*All figures in the blog are from the paper.*

**References**

[1] Rusu, A. A.; Colmenarejo, S. G.; Gulcehre, C.; Desjardins, G.; Kirkpatrick, J.; Pascanu, R.; Mnih, V.; Kavukcuoglu, K.; and Had- sell, R. 2015. Policy distillation. *arXiv preprint arXiv:1511.06295*.

[2] Sutton, R. S.; Barto, A. G.; et al. 1998. *Reinforcement learning: An introduction*. MIT press.

[3] Mnih, V.; Kavukcuoglu, K.; Silver, D.; Graves, A.; Antonoglou, I.; Wierstra, D.; and Riedmiller, M. 2013. Playing Atari with deep reinforcement learning. *arXiv preprint arXiv:1312.5602*.

[4]Courbariaux, M.; Bengio, Y.; and David, J.-P. 2015. Binarycon- nect: Training deep neural networks with binary weights during propagations. In *Advances in neural information processing systems*, 3123–3131.

[5] Rastegari, M.; Ordonez, V.; Redmon, J.; and Farhadi, A. 2016. Xnor-net: Imagenet classification using binary convolutional neural networks. In *European Conference on Computer Vision*, 525– 542. Springer.

[6] Esser, S. K.; Appuswamy, R.; Merolla, P.; Arthur, J. V.; and Modha, D. S. 2015. Backpropagation for energy-efficient neuromorphic computing. In *Advances in Neural Information Processing Systems*, 1117–1125

[7] Blum, E. K., and Li, L. K. 1991. Approximation theory and feed- forward networks. *Neural networks *4(4):511–515.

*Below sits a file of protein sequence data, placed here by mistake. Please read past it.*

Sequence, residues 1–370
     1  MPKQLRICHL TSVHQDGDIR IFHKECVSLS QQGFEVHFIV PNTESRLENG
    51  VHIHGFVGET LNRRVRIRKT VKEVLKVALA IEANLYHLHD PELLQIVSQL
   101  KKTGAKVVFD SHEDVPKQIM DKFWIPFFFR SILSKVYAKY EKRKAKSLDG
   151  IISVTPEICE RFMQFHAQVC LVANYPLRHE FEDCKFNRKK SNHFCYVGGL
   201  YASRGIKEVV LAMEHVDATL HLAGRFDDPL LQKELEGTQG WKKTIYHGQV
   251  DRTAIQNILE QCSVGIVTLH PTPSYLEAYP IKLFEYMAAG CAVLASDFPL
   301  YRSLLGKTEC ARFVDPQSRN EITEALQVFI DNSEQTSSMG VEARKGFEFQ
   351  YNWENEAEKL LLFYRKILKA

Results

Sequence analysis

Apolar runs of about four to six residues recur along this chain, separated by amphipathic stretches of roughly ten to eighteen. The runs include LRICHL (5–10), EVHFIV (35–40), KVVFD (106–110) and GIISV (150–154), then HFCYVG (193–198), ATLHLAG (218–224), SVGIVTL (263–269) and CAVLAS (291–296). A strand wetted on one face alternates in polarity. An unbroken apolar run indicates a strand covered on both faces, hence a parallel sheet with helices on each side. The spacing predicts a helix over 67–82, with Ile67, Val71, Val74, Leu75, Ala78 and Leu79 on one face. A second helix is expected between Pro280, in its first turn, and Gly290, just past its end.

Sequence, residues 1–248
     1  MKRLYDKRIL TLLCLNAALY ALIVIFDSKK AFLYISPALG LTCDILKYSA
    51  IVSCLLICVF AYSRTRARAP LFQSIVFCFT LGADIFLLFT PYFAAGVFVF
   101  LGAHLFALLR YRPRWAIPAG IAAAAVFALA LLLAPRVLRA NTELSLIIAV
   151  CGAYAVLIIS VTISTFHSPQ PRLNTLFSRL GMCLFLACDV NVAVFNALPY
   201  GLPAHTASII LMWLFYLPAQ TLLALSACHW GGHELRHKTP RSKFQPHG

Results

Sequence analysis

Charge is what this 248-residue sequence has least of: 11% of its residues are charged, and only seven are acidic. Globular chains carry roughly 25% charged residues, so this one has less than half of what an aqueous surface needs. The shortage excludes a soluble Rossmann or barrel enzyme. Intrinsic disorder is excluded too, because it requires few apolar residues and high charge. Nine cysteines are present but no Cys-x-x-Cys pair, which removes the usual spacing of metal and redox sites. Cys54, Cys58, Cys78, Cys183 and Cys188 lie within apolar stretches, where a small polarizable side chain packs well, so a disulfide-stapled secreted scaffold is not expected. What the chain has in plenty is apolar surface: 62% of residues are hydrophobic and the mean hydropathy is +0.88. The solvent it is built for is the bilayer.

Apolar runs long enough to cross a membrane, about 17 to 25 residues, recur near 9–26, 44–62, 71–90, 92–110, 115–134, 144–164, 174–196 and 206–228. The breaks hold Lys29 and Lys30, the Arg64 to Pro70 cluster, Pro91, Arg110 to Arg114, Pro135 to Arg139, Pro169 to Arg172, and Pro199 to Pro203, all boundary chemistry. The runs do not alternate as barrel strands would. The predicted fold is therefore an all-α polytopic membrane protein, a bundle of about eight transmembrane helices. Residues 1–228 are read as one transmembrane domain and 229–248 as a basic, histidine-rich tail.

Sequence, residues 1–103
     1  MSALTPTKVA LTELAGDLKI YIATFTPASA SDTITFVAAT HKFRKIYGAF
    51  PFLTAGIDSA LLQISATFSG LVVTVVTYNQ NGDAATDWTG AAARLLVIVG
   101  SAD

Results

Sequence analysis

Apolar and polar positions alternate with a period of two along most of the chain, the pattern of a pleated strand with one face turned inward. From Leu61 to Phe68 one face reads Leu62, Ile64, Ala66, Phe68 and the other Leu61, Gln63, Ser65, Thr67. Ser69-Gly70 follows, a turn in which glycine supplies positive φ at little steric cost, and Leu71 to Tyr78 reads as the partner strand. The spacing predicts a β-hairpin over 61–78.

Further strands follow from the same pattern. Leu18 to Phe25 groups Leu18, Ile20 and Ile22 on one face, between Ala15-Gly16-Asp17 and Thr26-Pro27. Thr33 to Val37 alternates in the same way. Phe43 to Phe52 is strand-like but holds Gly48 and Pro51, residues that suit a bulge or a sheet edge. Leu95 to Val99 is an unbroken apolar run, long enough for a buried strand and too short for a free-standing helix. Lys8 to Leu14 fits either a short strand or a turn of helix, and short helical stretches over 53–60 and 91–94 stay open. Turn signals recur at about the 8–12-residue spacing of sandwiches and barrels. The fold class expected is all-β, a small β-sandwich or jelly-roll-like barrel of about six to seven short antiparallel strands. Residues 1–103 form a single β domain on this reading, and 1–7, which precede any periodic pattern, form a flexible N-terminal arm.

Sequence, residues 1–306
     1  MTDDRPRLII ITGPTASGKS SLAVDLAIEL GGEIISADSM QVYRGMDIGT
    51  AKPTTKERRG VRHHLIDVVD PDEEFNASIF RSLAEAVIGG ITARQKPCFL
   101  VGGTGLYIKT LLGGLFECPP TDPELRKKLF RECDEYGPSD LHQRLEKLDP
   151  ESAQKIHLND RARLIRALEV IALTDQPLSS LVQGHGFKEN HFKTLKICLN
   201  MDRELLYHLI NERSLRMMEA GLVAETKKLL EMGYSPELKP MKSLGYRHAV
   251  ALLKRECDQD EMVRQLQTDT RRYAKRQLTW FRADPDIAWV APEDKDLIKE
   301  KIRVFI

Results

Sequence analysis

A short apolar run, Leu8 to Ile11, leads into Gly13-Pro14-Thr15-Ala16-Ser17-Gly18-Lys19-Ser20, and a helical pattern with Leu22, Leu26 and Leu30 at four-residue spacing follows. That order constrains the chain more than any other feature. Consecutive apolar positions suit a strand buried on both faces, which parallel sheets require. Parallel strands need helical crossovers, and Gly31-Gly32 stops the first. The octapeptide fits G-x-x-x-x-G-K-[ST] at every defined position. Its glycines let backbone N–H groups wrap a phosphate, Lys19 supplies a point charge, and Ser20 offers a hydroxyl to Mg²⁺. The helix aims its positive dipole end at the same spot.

[8] Van Hasselt, H.; Guez, A.; and Silver, D. 2016. Deep reinforcement learning with double q-learning. In *AAAI*, volume 2, 5. Phoenix, AZ.

[9] Esser, S. K.; Merolla, P. A.; Arthur, J. V.; Cassidy, A. S.; Ap- puswamy, R.; Andreopoulos, A.; Berg, D. J.; McKinstry, J. L.; Melano, T.; Barch, D. R.; di Nolfo, C.; Datta, P.; Amir, A.; Taba, B.; Flickner, M. D.; and Modha, D. S. 2016. Convolutional networks for fast, energy-efficient neuromorphic computing. *Proceedings of the National Academy of Sciences *113(41):11441–11446.

[10] Amir, A.; Datta, P.; Risk, W. P.; Cassidy, A. S.; Kusnitz, J. A.; Esser, S. K.; Andreopoulos, A.; Wong, T. M.; Flickner, M.; Alvarez-Icaza, R.; et al. 2013. Cognitive computing programming paradigm: a corelet language for composing networks of neurosy naptic cores. In *Neural Networks (IJCNN), The 2013 International Joint Conference on*, 1–10. IEEE.